Kershaw Leek 1660 Pocket Knife  » Other  »
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  • However it is, in my experience, adequately rust resistant
  • The versions with upgraded blade steels cost more, but if you are willing to pay for it, the extra performance can be worth the money
  • I think that in general the standard blade steel is fine, but the composite blade may be worth the extra money if only for aesthetics and the unique, innovative concept
  • I like a serrated edge personally, but the ability to sharpen the entirety of a fine edge blade sometimes outweighs the benefits of a serrated blade
  • I really like the look of the rainbow Leek, and if you like unique knives with a little character, it would definitely be worth a look

    • by strick284
      TRUSTWORTHY

      all reviews
      The Leek is one of the most popular knives in the entire Kershaw line, and for good reason. This review will focus on the tungsten DLC coated, stainless steel handled, serrated blade version of the knife, though there are many other configurations available. To start, I will just go over some quick technical specs. It weighs 3 oz., it has a 3″ blade, and it is 4″ long when closed. The blade is made of Sandvik 14C28N stainless steel, the handles are 410 stainless steel, and it is coated with Kershaw’s black non-reflective tungsten DLC coating. The knife has a thumbstud, finger flipper, Speedsafe assisted opening, safety, frame lock, half-serrated blade, and reversible tip up/down pocket clip.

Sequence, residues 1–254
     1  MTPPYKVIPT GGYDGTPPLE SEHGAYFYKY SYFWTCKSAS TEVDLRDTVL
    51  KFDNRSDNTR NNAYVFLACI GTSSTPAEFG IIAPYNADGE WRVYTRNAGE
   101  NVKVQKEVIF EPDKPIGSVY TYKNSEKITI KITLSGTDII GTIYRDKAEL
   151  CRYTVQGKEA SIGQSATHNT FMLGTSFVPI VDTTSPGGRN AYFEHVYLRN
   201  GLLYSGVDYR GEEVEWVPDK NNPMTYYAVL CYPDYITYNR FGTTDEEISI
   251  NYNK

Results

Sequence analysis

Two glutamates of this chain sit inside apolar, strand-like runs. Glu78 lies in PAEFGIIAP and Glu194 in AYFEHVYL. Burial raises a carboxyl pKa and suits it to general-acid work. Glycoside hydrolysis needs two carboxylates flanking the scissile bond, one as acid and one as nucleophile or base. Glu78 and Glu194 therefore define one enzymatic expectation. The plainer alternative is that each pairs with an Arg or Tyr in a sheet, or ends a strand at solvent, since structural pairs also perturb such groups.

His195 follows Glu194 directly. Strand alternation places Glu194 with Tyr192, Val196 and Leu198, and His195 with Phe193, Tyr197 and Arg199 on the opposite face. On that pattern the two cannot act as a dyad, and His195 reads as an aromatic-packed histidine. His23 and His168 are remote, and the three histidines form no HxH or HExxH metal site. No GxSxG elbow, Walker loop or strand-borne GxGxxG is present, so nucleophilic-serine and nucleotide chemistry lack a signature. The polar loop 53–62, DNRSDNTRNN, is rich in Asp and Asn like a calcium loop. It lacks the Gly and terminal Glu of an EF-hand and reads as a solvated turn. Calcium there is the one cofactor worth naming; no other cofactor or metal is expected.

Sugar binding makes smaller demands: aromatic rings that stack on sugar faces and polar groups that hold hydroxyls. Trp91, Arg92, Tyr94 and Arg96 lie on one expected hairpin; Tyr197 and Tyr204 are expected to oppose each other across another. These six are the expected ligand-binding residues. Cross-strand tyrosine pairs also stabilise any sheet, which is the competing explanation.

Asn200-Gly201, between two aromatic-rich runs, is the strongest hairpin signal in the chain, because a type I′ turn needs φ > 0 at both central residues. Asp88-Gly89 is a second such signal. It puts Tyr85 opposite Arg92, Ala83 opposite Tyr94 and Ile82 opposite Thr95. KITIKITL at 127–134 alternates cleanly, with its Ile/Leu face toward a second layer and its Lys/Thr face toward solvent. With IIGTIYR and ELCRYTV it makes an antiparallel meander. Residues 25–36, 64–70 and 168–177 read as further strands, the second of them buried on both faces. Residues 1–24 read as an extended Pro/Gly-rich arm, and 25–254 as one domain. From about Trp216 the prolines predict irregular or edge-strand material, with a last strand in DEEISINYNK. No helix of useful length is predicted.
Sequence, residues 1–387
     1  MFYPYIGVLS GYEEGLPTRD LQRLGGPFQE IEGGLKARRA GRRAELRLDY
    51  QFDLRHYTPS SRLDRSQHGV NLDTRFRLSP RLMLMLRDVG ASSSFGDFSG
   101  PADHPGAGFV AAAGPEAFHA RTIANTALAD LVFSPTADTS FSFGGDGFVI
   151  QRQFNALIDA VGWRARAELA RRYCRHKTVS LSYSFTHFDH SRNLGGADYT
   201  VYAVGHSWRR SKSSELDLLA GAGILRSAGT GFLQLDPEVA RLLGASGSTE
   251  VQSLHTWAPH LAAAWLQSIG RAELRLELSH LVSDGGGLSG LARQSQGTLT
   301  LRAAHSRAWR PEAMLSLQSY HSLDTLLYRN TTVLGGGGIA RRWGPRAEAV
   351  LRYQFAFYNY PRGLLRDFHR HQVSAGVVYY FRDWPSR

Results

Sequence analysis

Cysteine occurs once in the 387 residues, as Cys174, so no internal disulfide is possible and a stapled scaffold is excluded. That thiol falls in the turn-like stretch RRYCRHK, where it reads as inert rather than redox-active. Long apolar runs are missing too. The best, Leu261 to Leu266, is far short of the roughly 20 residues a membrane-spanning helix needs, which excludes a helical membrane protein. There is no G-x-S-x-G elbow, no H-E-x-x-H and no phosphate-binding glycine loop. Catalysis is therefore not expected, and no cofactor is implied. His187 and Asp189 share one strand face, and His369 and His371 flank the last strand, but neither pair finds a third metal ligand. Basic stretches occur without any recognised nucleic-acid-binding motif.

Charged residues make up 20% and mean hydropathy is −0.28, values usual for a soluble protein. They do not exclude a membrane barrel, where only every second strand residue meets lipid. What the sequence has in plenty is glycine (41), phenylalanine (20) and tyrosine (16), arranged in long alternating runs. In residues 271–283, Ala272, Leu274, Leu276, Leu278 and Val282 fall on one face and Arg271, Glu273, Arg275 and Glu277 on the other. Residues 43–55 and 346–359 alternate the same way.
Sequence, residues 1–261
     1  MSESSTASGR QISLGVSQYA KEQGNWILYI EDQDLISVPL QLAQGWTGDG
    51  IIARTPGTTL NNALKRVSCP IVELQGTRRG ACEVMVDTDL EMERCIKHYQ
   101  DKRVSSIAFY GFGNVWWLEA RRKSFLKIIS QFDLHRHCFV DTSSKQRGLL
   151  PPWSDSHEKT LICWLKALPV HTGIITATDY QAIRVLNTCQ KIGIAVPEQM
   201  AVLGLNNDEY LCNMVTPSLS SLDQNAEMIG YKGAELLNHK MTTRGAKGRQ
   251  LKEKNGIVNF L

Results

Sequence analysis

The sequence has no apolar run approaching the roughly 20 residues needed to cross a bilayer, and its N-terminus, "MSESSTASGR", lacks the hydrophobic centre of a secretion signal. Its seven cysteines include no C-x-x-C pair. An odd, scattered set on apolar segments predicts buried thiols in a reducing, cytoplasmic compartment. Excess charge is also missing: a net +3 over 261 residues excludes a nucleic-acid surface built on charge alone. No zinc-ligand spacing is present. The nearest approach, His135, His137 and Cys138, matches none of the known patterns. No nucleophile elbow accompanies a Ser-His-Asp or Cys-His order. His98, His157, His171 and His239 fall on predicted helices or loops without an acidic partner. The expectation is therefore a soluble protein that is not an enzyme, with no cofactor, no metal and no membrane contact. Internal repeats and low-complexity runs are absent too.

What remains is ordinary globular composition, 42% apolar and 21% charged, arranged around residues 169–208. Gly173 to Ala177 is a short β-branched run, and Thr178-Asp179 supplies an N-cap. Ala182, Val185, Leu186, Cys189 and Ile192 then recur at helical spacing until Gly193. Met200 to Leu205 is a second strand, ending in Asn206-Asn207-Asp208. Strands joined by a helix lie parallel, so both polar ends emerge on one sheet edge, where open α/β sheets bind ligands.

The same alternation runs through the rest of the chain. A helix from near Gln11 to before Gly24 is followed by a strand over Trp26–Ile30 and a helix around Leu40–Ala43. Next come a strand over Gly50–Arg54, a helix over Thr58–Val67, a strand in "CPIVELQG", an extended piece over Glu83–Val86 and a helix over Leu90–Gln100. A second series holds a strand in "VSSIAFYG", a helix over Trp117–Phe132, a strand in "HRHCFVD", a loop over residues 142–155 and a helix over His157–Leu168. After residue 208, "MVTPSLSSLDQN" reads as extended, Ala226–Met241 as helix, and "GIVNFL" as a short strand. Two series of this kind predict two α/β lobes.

This is my favorite pocket knife; I carry it almost every day. The assisted opening is wonderful; the knife opens smoothly and easily every time with both the thumbstud and the flipper. At 3 oz, it is very lightweight and comfortable to carry. I rarely notice it in my pocket. The smooth assisted opening and light weight (which translates to comfortable carry) are my favorite features of the Leek. As with all Kershaw knives, the factory edge is excellent. The 14C28N stainless steel holds an edge well and sharpens without undue effort. The modified wharncliffe blade isn’t the most utility oriented one, but it provides a needle sharp point that is excellent


      for piercing cuts and other fine work. For most cutting tasks, the blade shape does well enough and it gives the knife a very attractive look. Without the clip (which is easily removed), and maybe with customized handles, it could make a good gentleman’s knife. The handle is very comfortable and ergonomic. Overall, it is just a sweet knife. It is a pleasure to use and carry. Leeks retail for anywhere from $50 to $85, depending on which version you want. This particular trim is probably $60 to $70. However, you can get a Leek much cheaper if you watch auctions on ebay for a while and you aren’t picky about which model you want.

      The knife does have its problems though. The needle point and overall thin blade profile does not translate to a stiff or strong blade. The Leek is virtually useless for prying, and it can be very easy to break the tip. It is not a heavy duty knife, but more like an every day pocket knife, or as I mentioned earlier, a gentleman’s pocket knife. Elegant and beautiful, albeit somewhat fragile. Also, the tungsten coating is not as scratch resistant as some other coatings like titanium nitride or baked on epoxy powder coats. However it is, in my experience, adequately rust resistant.